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Grand Rapids, Michigan Marijuana Decriminalization Law Is Saving Tax Dollars

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grand rapids marijuana decriminalizationTestifying before a Grand Rapids public safety meeting on Tuesday, Grand Rapids police  Lt. William Nowicki reported police encounters for use and possession of marijuana are as frequent as they were last year- but the consequence has changed.

An election in 2012 changed possession and use of small amounts of marijuana from a misdemeanor offense resolved by the Courts to a civil infraction resolved with a ticket. Despite legal battles and changing opinions from the city attorney the new charter amendment became effective May 1.

In the 83 days since, Nowicki reports that Grand Rapids police have encountered 266 individuals who have either used or possessed less than 2.5 ounces of cannabis. Nearly all of them were ticketed under the new rules; 22 were given more serious charges related to other issues, MLive reports as Nowicki’s explanation.

During the same time period in 2012, Grand Rapids reported 259 incidents that were recorded as ‘marijuana cases’ of a misdemeanor nature.

The numbers do not lie: cost savings.

244 tickets issued over 83 days amounts to nearly three civil infractions written each calendar day.

That equates to three arrests avoided each day, three court cases not called each day, and three police encounters each day that do not result in a drug charge on a citizen’s permanent record.

Beyond the social advantages of not criminalizing people for a victimless crime, the financial advantage will be more difficult to realize. Nowicki reported that the average fee assessed for a marijuana misdemeanor ranges from $178 – 400; the median number in that range is $289.00. Those 244 tickets could have racked up an estimated $70,516 for the city.

Civil infraction tickets are $25, $50 and $100 for the first, second and third offense. Assuming that all the offenses in the first 83 days were also first offenses for the citizens involved, those 244 tickets represent a potential financial gain of $6100.

Despite losing roughly $250 per case in revenue the savings will be realized in ways that are particularly difficult to measure. Since prosecutors are paid on salary their billable time is not appreciably changed by the reduction of 21 cases every week- more than 4 every work day- but their staff’s performance on other cases should improve.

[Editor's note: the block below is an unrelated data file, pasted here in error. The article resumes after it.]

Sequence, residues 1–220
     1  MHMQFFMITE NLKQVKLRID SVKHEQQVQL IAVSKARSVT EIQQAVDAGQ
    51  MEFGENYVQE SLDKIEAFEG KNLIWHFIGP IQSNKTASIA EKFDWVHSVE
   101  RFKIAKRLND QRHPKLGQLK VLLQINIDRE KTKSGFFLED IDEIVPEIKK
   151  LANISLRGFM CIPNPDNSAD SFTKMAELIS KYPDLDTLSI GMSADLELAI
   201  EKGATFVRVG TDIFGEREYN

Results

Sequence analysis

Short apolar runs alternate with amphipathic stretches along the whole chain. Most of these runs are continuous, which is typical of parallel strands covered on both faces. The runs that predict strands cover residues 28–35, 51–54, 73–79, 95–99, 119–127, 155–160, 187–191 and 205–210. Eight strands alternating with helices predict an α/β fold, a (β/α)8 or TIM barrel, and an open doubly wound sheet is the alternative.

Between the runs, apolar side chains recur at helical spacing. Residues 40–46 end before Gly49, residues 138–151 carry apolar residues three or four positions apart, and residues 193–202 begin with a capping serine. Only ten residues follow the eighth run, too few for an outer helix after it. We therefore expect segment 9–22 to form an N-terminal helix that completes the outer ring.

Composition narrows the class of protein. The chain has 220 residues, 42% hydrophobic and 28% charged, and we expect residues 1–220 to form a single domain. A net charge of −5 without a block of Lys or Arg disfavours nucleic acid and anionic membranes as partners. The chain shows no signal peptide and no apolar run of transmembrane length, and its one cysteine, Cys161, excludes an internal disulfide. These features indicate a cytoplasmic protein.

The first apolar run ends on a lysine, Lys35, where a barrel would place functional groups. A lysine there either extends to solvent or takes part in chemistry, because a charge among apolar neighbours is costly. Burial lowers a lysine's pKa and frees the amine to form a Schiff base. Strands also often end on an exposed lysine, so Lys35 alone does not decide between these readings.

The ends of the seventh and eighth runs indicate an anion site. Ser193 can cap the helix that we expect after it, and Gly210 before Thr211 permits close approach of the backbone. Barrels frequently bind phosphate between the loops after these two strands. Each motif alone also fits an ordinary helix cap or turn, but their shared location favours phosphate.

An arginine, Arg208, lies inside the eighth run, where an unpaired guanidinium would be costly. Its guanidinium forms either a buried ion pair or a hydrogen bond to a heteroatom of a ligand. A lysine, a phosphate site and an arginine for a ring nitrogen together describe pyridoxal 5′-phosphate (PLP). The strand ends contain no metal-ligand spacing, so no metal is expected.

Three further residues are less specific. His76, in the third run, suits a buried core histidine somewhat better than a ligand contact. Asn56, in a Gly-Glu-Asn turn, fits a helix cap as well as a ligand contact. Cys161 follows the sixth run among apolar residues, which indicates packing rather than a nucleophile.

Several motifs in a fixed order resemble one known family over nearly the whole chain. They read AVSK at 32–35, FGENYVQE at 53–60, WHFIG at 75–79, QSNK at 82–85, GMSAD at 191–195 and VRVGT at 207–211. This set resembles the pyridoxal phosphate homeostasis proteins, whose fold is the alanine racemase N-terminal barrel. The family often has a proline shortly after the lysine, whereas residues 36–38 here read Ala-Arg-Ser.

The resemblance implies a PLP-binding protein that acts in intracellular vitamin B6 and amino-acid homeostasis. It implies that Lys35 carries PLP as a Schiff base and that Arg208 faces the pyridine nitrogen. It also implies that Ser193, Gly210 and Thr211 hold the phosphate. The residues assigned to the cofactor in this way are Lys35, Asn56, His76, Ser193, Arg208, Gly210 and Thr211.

Although officers are still required to bag and tag confiscated marijuana they are saved the booking process and attendant paperwork; an estimate that the time saved by writing tickets instead of arresting citizens is conservatively one hour per police encounter. At least 244 hours were presumably spent chasing real crimes instead of misdemeanor marijuana offenses because of this new charter amendment.

Other savings can be seen over time: fewer court records to create, maintain, retrieve and store; fewer people being fingerprinted, fewer photographs taken, fewer keystrokes on aging police computer systems; fewer attorneys in court, fewer cases per day for the judges and their clerks, less wear and tear on the people and places of the judicial system.

The numbers do not lie: the character of the individuals involved. 

Of the 266 recorded police encounters Nowicki outlined 244 resulted in tickets issued; the other 22 resulted in penalties because of other crime-related factors.

91% of all persons stopped for marijuana possession or use by Grand Rapids police during that time period had their name run through the LEIN system and came back with no outstanding issues requiring arrest. This clearly illustrates the character of the typical marijuana user as a person not in trouble with the law.

Although additional demographic information about the locations where the tickets were issued is not available, we can assume the police presence is higher in areas of known crime and lighter in areas of relative safety. Assuming a large number of those 266 encounters happened in crime-stressed areas of the city, the 91% is even more surprising.

Beyond cannabis use, marijuana smokers are generally law-abiding citizens who simply make an alternative recreational choice. The numbers provided by the Grand Rapids Police Department illustrate that point.

Source: The Compassion Chronicles

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About Author

"Rick Thompson was the Editor in Chief for the entire 2-year run of the Michigan Medical Marijuana Magazine, was the spokesman for the Michigan Association of Compassion Centers and is the current Editor and Lead Blogger for The Compassion Chronicles. Rick has addressed committees in both the House and Senate, has authored over 200 articles on marijuana and is a professional photographer." Rick Thompson Is An Author At The Compassion Chronicles and focuses on all things Michigan.

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